154. Music industry bodies have played an active role in campaigns to increase public awareness of the illegality of unlicensed distribution of music, for instance through using educational material and leaflets in public libraries and record stores.[404] British Music Rights saw a role for Internet service providers to employ advertising policies "designed to discourage rather than encourage copyright infringement", and it commended AOL for its "Play Legal" awareness campaign.[405] The UK Film Council hoped that its proposed Digital Film Club network, which would offer films to schools across the UK, would teach respect for intellectual property among young people.[406] Ofcom told us that it planned publicity campaigns in future, working with industry and others, to get information to people, to make sure that they understood "the borders of what is legal" and the reasons for the law itself.[407]

155. There were criticisms by witnesses of the BBC for appearing to encourage a cavalier approach to copyright through its message to users of the Creative Archive—"find it, rip it, mix it, share it, come and get it". BECTU pointed out that there was no suggestion of "Respect it" in the slogan and that users were quite likely to be unaware of the terms of the licence.[408] The Music Managers' Forum suggested that the underlying message "had the air of an organisation which seeks to undermine copyright rather than a publicly-owned authority which should emphasise best practice".[409] Many witnesses urged the BBC to use its position as a public service broadcaster with unparalleled access to audiences and experience in interpreting complex issues for public consumption to promote copyright education through its services.[410] The Creators Rights Alliance agreed and suggested that the BBC should inform users that they were paying for the right to view content rather than the right to own it.[411]

156. The BBC defended its slogan, saying that the terms used were "the common parlance of the Internet", used by Microsoft and iTunes, and were in no way the language of piracy.[412] While this may be true, the common parlance of the Internet should not be setting the standard for the BBC. We recommend that the BBC should amend the slogan for the Creative Archive, if it proceeds beyond the pilot phase, to convey the message to users that content should be respected. The BBC should examine whether more can be done to oblige users of the Creative Archive to read the terms of the licence governing use of the material before downloading and consider what other action it can take to educate consumers about the purpose and importance of copyright law.

157. It is clearly desirable to find a way of instilling an understanding of copyright in children's minds. Some valuable work has already been done. In 2004, British Music Rights prepared material for issue to secondary schools for inclusion in music lessons "to encourage young people to value the creativity involved in producing a piece of music": 80% of schools contacted expressed an interest, and British Music Rights claimed that teachers were "crying out for copyright materials to enable them to teach copyright in schools".[413] The Patent Office has also produced material to raise awareness in secondary schools.[414] PPL proposed that children should be encouraged to put copyright notices on their own work, from pictures to short stories and essays.[415]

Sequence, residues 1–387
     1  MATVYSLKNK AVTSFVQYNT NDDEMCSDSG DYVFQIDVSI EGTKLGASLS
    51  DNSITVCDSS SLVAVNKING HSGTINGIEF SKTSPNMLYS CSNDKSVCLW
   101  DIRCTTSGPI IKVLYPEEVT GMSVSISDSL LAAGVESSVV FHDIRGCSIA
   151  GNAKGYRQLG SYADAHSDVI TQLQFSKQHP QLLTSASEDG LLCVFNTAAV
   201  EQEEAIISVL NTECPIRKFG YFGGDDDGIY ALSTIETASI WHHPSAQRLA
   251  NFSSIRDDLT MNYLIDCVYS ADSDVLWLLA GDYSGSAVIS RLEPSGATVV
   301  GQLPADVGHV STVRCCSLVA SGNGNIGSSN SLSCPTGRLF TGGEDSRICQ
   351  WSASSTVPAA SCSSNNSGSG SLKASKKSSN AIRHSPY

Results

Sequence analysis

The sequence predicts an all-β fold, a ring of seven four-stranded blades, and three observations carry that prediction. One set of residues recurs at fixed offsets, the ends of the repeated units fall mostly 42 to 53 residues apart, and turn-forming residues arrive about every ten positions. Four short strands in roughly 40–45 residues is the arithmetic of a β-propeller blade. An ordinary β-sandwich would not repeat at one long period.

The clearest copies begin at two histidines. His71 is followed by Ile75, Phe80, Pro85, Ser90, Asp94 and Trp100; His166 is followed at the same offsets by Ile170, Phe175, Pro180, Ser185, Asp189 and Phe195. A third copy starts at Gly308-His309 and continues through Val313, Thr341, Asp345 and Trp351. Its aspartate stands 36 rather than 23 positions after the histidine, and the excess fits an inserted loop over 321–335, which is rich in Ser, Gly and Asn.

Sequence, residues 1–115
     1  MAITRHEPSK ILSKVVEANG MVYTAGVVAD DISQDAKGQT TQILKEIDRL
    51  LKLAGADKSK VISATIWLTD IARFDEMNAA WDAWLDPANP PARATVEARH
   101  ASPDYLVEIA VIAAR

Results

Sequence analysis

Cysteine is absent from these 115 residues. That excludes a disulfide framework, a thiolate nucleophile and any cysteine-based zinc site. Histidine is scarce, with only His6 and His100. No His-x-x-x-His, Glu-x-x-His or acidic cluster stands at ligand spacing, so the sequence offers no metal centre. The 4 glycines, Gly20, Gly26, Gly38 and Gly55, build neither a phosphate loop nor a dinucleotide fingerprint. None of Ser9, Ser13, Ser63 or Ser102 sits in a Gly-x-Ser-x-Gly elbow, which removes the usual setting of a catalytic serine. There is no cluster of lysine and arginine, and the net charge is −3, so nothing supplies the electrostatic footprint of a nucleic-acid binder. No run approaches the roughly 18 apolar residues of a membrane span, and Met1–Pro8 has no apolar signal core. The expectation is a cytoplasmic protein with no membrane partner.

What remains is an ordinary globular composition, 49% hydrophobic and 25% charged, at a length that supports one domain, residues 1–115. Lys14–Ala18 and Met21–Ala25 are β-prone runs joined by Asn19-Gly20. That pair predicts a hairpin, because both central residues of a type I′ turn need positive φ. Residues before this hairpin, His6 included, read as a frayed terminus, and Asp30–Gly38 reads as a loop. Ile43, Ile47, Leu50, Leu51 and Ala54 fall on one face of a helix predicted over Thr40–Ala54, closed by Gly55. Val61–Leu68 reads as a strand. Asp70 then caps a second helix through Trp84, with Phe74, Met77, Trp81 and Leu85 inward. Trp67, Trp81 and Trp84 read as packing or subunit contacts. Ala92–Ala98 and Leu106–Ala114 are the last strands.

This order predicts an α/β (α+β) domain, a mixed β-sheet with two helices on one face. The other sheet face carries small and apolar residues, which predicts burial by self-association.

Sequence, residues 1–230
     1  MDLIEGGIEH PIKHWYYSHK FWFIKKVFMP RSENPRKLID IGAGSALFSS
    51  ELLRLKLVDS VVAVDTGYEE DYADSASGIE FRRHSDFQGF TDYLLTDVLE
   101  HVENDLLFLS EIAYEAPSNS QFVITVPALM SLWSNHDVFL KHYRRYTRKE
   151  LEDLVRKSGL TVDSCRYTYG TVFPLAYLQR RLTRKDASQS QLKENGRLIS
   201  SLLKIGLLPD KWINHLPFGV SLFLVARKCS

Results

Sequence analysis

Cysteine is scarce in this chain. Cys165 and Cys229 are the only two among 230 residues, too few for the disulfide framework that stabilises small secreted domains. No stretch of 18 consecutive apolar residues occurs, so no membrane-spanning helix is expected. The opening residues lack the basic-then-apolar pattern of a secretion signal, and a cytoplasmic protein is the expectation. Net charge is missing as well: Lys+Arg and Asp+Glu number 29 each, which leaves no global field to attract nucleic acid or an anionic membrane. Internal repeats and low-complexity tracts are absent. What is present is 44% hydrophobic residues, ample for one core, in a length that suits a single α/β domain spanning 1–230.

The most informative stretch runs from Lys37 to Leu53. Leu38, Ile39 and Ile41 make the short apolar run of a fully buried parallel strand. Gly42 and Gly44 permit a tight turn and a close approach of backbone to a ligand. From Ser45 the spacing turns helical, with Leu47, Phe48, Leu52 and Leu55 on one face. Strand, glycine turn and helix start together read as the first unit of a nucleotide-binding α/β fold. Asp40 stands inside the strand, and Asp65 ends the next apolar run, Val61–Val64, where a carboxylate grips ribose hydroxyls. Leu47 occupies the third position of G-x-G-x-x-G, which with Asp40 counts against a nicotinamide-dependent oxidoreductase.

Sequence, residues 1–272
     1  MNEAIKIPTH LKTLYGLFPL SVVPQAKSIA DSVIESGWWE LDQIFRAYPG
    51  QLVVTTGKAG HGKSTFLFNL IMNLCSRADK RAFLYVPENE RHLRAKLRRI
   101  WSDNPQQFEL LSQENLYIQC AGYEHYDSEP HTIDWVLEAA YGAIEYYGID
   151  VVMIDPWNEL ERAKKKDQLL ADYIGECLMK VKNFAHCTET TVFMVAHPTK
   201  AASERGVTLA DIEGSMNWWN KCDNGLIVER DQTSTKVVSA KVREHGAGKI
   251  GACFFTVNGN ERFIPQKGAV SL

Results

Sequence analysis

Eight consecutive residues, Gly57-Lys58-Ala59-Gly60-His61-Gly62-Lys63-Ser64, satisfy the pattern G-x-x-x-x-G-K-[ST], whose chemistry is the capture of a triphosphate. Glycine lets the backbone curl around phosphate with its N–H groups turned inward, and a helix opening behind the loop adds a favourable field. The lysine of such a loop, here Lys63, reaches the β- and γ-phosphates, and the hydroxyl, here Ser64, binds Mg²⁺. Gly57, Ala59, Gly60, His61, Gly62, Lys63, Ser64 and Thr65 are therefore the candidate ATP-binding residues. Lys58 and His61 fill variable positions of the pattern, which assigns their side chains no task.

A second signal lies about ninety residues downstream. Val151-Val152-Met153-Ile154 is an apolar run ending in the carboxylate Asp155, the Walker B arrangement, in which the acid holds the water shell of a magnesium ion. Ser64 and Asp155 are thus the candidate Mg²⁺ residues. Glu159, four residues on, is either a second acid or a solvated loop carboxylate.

158. Many witnesses suggested that copyright should feature in the core curriculum.[416] The Minister of State at the Department for Trade and Industry told us that intellectual property was already integrated into the curriculum with some GCSEs, but she had reservations about simply adding copyright to the core curriculum.[417] We share the Minister's reservations about adding copyright as a specific item to the core curriculum. However, we believe that a less formal approach would be better and that teachers should be encouraged to promote an understanding of copyright as it becomes relevant, whether in music, creative writing or information technology lessons.

Digital Rights Management

159. The Government defined Digital Rights Management (DRM) as "an umbrella term referring to any of several technical methods used to handle the description […] analysis, valuation, trading and monitoring of the rights held over a digital work".[418] DRM tools are widely used by distributors of creative content in digital formats both as a way of limiting or preventing the copying of content and as a market analysis tool, identifying works, providing market data and tracking purchasing trends. Digital Rights Management has, however, become synonymous in many people's minds with copy control or "Technological Protection Measures" (TPM), even though this is just one element.